WASHINGTON — Pranksters posing as Ukraine’s president tricked Jerome H. Powell, the Federal Reserve chair, into a conversation in January about the U.S. and global economy, based on video clips covered on Russian state television and posted online.
The footage shows Mr. Powell answering an interviewer’s questions on a video call, apparently thinking that he is talking to Volodymyr Zelensky, Ukraine’s leader. The ruse appears to have been carried out by Vladimir Kuznetsov and Alexei Stolyarov, pranksters who are supporters of President Vladimir V. Putin of Russia.
The clips — now circulating on the internet — were earlier reported on by Bloomberg News. They show Mr. Powell answering questions about central banking and inflation. His comments appear to be in line with what he regularly expresses in public.
A Fed spokesperson said Mr. Powell participated in a conversation in January with someone who misrepresented himself as the Ukrainian president, noting that the discussion took place in the context of the central bank’s support for the Ukrainian people. The spokesperson said no sensitive or confidential information was discussed.
The video appears to have been edited, and the Fed said it could not confirm its accuracy. The matter has been referred to law enforcement, the spokesperson said.
The two men who carried out the prank have also tricked other global leaders, including Christine Lagarde, the president of the European Central Bank, and Angela Merkel, Germany’s former chancellor.
An E.C.B. spokesperson said Ms. Lagarde had agreed to the conversation in good faith, and to show support for Ukraine and its people.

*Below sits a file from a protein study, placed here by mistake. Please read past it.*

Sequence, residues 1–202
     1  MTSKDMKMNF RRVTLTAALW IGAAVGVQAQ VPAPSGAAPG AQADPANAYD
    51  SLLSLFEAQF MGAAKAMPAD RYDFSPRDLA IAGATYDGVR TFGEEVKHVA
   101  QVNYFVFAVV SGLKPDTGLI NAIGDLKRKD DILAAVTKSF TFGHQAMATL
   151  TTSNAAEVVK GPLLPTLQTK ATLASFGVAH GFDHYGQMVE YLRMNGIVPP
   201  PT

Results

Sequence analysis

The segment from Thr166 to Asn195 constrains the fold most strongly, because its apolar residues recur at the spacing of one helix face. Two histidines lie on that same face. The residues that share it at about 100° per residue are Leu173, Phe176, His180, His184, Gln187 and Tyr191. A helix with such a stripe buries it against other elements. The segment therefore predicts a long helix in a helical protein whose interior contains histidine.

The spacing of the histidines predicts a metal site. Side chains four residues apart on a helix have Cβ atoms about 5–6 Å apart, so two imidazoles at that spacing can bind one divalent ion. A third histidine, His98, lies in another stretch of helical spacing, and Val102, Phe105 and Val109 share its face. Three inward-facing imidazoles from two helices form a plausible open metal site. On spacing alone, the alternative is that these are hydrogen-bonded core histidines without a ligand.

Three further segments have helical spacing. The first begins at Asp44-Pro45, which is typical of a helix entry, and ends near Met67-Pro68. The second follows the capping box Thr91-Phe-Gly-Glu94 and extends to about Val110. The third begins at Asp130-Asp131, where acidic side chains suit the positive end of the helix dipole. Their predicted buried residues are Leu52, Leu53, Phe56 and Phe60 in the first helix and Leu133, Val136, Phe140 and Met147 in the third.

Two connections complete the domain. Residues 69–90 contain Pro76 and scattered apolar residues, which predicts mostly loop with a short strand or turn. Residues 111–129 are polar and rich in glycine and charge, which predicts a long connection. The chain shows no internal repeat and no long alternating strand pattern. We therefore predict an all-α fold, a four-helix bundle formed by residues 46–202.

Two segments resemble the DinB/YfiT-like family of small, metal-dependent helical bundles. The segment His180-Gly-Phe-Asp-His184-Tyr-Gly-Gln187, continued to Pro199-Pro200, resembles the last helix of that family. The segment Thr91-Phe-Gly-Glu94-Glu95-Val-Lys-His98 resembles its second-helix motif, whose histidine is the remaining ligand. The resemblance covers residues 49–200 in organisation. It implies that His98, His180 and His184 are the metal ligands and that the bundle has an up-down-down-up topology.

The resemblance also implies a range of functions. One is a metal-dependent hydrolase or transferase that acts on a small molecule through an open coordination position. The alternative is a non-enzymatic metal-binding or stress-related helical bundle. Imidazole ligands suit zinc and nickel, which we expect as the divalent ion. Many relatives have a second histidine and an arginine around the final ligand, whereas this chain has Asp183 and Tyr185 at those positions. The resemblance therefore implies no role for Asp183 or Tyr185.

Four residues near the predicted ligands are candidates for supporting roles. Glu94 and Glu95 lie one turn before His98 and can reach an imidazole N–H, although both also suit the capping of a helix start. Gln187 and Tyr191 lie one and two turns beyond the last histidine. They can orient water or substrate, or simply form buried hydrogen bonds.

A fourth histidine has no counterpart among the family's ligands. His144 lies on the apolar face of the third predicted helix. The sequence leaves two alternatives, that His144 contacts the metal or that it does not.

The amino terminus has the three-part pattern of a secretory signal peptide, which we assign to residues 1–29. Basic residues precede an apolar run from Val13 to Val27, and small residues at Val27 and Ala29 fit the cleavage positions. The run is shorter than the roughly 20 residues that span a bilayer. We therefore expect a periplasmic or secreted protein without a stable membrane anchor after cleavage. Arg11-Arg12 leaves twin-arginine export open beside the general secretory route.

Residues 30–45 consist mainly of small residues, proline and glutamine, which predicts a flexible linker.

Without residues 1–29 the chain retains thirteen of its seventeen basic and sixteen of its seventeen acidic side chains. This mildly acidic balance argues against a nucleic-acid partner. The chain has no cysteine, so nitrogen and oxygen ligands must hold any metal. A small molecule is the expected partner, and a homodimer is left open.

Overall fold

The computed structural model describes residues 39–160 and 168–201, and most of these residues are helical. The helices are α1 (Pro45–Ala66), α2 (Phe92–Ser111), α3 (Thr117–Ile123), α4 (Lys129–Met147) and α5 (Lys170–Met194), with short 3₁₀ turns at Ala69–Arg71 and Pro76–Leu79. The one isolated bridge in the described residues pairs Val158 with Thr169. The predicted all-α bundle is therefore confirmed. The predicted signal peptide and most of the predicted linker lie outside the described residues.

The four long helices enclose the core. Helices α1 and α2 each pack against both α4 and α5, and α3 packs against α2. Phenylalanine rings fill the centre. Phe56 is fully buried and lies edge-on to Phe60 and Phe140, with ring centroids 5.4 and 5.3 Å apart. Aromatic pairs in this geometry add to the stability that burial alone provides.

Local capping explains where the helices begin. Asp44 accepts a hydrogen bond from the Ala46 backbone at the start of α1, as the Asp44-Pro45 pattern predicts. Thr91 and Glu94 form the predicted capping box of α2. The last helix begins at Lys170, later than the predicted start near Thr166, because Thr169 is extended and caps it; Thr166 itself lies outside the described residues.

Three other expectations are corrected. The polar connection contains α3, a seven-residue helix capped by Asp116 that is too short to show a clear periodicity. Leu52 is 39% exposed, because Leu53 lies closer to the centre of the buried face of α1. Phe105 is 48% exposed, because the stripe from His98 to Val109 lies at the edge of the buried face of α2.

The Fed-related video was posted on Rutube, a Russian video hosting platform, and covered by Russian state-run television and news agencies. Mr. Kuznetsov and Mr. Stolyarov posted excerpts from the call on their social media page, and dedicated a special episode of a show that they host to it.
The clips show Mr. Powell discussing a number of challenges facing the American economy — including rapid inflation and the possibility of a recession. In the clips, he acknowledges that an economic downturn is possible or even likely, but that it is necessary to cool the economy and slow price increases. That is consistent with what the Fed chair has said in testimony and speeches.
Fed officials are now in their pre-meeting quiet period, during which officials avoid speaking publicly in the run-up to an interest rate decision. They will meet next week and release a rate decision on Wednesday, after which Mr. Powell will hold a news conference.
Oleg Matsnev contributed reporting from Berlin.